Tuesday, March 14, 2006

Modern technology vs. jobs

Recently we ordered some books on Amazon.de. After my exhausting German language class today I returned home and checked my mail box. Inside was this green postcard from DHL. It listed an address for a Packstation on my street. If you're now wondering, "What is a Packstation?" I am about to explain. I had no idea either until today.

I entered the address on Yahoo.de under Routenplanner (map) so I could figure out where in relation to my apartment I had to go. Thankfully it was only two short blocks away. I schlepted out in the cold with my notice and my camera. I knew I had arrived when I saw there were two large yellow, metal machines that looked like a futuristic vending machines. I stood numbfounded in front of these two machines for about 10 minutes hitting every button and even realizing there was a barcode reader about the level of my belt. I placed my card in front of this reader, nothing happened. I looked at the screen and realized through the glare from the sunglight that their were fingerprints all over the screen. In that flash of conciousness, shivering in the cold, I decided to touch the screen. Presto! Like magic the screen had newly illuminated instructions, however in German of course--I guess that makes sense because after all, I am in Germany. Luckily, once again, the Germans have provided instructions in English by simply pressing the large British flag on the screen. Now I knew what to do. The on-screen instructions asked me to place my delivery notice in front of the barcode reader, check. Then it instructed me to type in my first and last name, check. Suprisingly it instructed me to sign for the package using my finger on the screen, just like you do at the check-out counter with the stylus at say, for example, Trader Joes. I scrolled my signature with my finger, check. Pressed confirm, check. Then off to my right I heard a click a door began to open very slowly and there was our Amazon package. I retrieved the package and the soon thereafter, the door closed. It was an interesting way to retrieve a package.....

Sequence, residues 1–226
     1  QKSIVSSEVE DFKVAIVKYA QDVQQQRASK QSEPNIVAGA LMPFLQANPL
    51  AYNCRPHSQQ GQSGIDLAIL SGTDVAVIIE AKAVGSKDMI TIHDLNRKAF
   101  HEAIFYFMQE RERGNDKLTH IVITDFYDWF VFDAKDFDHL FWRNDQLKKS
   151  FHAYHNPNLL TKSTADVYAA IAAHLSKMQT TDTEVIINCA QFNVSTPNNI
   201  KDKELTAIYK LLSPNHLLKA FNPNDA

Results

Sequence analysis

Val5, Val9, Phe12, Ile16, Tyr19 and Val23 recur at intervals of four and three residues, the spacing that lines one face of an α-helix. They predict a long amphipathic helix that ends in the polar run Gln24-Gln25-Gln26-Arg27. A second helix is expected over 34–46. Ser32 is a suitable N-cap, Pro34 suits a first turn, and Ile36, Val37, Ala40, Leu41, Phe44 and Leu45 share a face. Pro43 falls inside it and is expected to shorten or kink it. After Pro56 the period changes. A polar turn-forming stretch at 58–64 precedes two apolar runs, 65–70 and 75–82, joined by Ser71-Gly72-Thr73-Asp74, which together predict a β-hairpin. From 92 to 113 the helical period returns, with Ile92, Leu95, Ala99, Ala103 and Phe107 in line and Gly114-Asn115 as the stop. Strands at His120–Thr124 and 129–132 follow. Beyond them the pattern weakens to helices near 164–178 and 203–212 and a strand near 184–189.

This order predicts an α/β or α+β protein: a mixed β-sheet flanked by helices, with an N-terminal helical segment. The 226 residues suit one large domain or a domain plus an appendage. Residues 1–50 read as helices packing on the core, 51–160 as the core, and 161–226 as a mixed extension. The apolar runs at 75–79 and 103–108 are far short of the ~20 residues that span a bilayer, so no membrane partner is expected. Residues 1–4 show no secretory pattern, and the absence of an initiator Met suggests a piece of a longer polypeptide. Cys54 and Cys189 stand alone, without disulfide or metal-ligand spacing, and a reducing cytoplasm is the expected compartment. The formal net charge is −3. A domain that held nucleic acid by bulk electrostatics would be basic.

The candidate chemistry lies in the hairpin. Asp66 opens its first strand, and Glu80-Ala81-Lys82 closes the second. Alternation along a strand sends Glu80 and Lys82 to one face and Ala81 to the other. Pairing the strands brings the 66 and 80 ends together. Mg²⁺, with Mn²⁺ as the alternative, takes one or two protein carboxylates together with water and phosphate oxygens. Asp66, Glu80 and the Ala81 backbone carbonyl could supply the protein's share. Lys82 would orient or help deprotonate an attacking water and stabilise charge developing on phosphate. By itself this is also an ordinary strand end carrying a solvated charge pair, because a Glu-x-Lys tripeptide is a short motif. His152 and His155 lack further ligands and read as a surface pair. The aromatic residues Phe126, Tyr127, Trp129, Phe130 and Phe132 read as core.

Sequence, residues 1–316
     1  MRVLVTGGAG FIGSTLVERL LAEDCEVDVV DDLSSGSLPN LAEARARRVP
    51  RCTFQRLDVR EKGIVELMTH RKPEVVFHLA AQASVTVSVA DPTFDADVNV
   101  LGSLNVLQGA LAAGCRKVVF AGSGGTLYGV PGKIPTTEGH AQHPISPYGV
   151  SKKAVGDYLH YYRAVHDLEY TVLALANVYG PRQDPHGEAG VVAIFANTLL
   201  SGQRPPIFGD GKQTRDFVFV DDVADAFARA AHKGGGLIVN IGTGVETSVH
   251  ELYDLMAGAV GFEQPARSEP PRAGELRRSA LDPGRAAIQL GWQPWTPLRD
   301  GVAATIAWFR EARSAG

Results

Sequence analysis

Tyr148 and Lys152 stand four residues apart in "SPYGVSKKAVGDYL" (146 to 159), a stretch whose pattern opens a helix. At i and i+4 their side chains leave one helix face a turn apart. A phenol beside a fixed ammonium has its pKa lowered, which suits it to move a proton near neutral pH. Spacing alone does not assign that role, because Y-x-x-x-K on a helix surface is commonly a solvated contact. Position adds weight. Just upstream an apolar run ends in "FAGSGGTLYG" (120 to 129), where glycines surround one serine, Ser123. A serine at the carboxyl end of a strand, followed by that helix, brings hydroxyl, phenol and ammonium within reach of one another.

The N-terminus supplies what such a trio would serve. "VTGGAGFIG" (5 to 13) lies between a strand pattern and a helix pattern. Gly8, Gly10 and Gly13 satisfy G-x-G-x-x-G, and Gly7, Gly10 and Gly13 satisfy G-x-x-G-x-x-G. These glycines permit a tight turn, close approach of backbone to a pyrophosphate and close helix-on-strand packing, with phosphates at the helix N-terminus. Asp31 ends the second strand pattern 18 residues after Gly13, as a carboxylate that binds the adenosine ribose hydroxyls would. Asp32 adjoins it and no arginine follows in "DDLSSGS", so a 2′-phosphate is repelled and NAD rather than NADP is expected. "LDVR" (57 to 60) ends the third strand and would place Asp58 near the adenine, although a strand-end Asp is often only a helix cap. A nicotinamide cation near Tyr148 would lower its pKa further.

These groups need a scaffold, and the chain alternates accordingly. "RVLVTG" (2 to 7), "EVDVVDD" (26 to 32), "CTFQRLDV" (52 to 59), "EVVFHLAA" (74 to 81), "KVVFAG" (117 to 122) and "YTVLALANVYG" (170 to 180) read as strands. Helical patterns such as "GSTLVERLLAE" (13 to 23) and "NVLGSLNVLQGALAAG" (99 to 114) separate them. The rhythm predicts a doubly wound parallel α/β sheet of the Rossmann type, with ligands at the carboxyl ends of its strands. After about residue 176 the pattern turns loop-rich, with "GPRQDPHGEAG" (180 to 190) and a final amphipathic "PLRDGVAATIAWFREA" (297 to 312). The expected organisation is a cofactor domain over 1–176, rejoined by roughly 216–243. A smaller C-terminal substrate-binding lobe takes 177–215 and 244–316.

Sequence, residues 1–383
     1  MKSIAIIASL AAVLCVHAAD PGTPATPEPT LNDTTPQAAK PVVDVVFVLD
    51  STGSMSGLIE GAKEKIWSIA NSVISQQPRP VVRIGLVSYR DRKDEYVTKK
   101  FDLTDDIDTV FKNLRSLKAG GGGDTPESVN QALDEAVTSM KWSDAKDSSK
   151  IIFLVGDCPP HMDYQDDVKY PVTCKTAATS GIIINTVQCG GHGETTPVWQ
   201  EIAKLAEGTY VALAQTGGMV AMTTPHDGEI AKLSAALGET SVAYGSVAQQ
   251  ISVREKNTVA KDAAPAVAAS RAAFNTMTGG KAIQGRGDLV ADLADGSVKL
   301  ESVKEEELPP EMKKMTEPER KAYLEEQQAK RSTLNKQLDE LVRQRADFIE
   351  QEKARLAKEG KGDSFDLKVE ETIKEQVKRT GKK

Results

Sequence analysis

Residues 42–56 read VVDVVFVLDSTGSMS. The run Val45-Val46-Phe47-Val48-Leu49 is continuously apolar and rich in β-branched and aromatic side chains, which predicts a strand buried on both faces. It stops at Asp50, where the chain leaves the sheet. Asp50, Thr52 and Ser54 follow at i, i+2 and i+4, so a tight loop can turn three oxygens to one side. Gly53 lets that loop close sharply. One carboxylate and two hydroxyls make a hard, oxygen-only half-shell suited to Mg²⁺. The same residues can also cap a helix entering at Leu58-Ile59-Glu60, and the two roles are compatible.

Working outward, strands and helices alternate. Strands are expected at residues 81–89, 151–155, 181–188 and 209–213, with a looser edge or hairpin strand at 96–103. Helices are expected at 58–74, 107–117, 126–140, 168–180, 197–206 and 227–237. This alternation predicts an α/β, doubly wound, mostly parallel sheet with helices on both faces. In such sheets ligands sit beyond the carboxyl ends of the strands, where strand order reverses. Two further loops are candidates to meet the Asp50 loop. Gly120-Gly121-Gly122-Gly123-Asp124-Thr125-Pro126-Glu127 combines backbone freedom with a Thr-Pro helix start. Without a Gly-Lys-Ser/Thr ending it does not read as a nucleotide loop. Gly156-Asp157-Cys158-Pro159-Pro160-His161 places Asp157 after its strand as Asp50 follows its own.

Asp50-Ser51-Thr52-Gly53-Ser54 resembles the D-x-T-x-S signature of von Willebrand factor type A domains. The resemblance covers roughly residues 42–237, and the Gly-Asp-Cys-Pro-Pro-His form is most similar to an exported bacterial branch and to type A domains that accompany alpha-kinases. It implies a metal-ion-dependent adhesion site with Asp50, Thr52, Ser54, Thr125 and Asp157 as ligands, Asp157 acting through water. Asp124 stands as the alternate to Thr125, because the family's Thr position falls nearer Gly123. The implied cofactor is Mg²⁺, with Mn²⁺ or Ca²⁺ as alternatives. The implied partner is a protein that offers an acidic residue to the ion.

I can see some day UPS, DHL and Fedex installing these machines in central locations and you will have to retrieve your packages this way. If you do not, you will have to pay extra for delivery to your door. Considering the high costs of fuel, the congestion in major cities and in the interest of reducing air pollution, maybe they should implement this system sooner rather than later.

I remember at the end of the process the on-screen guide suggested if I liked this system to log online to enroll in the service. For more info, click here.

I will upload photos as soon as blogger is able to do so....


Blogger Lisa said...

In the future we'll all get our babies this way. :D

10:06 PM  
Blogger Dixie said...

Wait. You mean babies come some other way? Is there something my mama didn't tell me?

I mentioned the Packstations on my blog a couple weeks ago. The idea of picking up my package whenever I want it great and I like that I don't have to deal with normal post office hours but our nearest Packstation is in a very inconvenient place a long mother scratching way from the streetcar stop.

10:26 PM  
Blogger Kim/Thomas said...

wowowowo that is soooo futuristic!!! I cannot wait to see the pictures...
I'm sure it inspires plenty of questions from kids..like how do the packages get inside, and all that...oh the stories you could tell to mess with them:)
oh, the stork will soo be out of business with these things..

2:42 PM  
Anonymous Anonymous said...

Thanks for describing this process. I'm in Berlin and recently placed an order on Amazon.de which failed to reach my apartment mailbox. I will try the Packstation method next time.

3:45 PM  

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